People who have followed me personally and professionally may have recently noticed some major changes in my online presentation . There is good reason for that: I’ve come to realize that I am transgender.
I am transfeminine (aka transfem, aka transfemme) nonbinary and have taken on They/Them pronouns. I am still figuring my gender identity out and, as of writing, I am just beginning to figure out gender presentation. It’s been a long, confusing journey, but I know I’m still nearer the starting line than the finish line.
I’ve been in therapy and I have received a tremendous amount of love and support from my family and my friends. Recently, I came out officially on Facebook, and the response was overwhelming. My partner has been absolutely loving and supportive as we go on this journey together.
I think that it is important to write and talk about my experience because (a) it has been so positive and (b) since I do have a strong support network, I am in a less dangerous and precarious position than many other trans folks. In some ways, this is another mark of my privilege in the world – the fact that I can make this transition without fear of losing my family, being attacked in my community, or being abused by my friends.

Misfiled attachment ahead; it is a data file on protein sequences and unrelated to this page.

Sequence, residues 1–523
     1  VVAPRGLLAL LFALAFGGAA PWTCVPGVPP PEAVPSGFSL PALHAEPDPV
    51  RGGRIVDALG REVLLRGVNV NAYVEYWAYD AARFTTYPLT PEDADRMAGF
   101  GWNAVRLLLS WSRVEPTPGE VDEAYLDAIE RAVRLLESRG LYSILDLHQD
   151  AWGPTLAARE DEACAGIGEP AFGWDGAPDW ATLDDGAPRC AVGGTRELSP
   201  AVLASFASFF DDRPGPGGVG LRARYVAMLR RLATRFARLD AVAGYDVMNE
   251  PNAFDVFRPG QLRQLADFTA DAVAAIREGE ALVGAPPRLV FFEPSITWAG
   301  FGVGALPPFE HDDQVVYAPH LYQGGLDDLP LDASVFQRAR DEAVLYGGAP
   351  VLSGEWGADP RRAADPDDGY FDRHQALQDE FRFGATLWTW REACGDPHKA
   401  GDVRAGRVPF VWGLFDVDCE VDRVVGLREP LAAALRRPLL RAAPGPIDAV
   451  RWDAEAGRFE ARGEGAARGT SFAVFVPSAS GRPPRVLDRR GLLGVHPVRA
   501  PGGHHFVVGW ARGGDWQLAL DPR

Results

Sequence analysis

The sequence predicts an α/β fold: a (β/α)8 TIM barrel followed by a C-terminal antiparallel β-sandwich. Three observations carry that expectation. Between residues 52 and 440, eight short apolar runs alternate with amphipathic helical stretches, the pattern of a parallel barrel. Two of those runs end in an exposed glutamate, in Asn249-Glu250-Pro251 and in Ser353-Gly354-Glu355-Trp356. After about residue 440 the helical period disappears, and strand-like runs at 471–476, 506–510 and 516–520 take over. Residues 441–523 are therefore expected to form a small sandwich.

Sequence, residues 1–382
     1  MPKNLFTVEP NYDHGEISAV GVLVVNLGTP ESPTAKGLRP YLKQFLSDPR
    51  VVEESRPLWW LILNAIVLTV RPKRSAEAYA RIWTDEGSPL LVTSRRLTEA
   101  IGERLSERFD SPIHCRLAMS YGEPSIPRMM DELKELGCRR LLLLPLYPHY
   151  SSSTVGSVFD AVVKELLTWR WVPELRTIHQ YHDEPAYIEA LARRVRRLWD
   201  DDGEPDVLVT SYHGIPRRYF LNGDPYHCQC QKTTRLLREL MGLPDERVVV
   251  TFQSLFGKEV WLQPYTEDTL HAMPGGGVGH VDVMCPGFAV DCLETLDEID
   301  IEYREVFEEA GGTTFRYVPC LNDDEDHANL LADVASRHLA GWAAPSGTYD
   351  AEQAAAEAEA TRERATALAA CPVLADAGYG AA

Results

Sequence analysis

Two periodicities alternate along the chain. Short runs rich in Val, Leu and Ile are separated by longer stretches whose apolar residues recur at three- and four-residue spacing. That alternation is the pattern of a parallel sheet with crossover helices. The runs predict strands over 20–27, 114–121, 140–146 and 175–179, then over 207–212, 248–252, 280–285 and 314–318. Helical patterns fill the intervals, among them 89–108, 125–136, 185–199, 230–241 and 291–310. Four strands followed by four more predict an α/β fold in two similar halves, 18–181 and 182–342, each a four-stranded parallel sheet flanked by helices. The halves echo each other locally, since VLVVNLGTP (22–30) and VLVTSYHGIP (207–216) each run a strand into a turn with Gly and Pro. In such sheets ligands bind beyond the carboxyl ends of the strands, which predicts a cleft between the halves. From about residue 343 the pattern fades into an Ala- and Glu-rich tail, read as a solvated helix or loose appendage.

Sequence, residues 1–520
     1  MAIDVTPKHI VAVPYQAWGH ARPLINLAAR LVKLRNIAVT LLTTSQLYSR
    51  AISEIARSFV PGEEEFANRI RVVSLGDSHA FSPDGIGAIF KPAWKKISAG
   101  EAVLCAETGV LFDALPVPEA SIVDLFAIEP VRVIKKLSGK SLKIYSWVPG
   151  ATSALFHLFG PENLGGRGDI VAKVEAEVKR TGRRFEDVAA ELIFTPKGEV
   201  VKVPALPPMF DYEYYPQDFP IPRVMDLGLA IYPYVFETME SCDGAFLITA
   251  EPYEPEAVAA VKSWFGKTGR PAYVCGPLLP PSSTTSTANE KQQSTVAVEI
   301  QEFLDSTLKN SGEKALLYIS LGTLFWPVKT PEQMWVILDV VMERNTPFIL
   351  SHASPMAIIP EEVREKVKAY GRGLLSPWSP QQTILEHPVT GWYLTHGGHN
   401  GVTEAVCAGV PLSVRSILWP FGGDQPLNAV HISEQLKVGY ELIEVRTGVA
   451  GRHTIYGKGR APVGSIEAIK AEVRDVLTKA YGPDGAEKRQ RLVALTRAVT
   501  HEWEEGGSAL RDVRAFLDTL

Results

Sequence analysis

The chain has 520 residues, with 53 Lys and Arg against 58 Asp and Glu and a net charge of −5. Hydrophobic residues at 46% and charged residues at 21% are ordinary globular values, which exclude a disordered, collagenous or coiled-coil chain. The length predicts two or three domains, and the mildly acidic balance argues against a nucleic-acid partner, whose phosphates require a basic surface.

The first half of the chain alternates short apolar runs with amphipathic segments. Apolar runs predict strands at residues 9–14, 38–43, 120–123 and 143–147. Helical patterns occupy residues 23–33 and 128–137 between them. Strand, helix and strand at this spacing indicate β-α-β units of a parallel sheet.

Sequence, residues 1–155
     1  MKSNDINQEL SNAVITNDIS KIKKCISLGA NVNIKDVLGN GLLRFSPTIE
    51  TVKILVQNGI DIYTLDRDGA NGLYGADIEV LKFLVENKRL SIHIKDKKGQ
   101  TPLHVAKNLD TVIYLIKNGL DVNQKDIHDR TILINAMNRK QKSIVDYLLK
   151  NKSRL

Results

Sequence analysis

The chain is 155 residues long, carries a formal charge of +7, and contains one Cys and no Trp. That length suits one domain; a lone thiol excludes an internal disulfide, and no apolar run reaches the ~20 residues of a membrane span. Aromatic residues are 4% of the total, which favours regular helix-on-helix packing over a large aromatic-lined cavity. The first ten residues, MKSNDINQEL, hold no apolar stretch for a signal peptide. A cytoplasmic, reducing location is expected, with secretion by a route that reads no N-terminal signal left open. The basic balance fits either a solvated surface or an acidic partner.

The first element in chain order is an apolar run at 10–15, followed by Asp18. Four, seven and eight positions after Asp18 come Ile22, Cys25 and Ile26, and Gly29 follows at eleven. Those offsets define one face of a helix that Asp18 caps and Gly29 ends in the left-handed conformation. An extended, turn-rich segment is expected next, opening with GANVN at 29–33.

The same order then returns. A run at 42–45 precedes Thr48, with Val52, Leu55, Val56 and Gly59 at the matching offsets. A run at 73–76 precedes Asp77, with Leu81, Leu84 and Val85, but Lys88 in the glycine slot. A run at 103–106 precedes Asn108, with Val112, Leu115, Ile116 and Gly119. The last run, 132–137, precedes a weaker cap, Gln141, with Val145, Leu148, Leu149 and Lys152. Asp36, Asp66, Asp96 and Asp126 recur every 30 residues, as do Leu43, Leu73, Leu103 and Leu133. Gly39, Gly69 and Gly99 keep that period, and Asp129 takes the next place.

It’s a strange experience transitioning in one’s thirties and having to navigate transition itself and its effects on all the relationships you’ve built over your lifetime. I understand how this news was abrupt, jarring, and strange to my family and friends, but it was also abrupt to me. I think that is symptomatic of how invisible trans folks have been in mainstream culture until recently and how taboo talking about trans issues was when I was growing up.
So far, transitioning has made my quality of life and my emotional health dramatically better. It’s improved my communication with my partner and strengthened our bond. It’s also just who I am, and I don’t want people, personally or professionally, to feel like it’s a topic that is off-limits. If I am open and honest and own it, maybe it will help other folks figure themselves out.
So, in short: I’m Steve. I have they/them/theirs pronouns. I am transgender. I am queer. I am proud of it.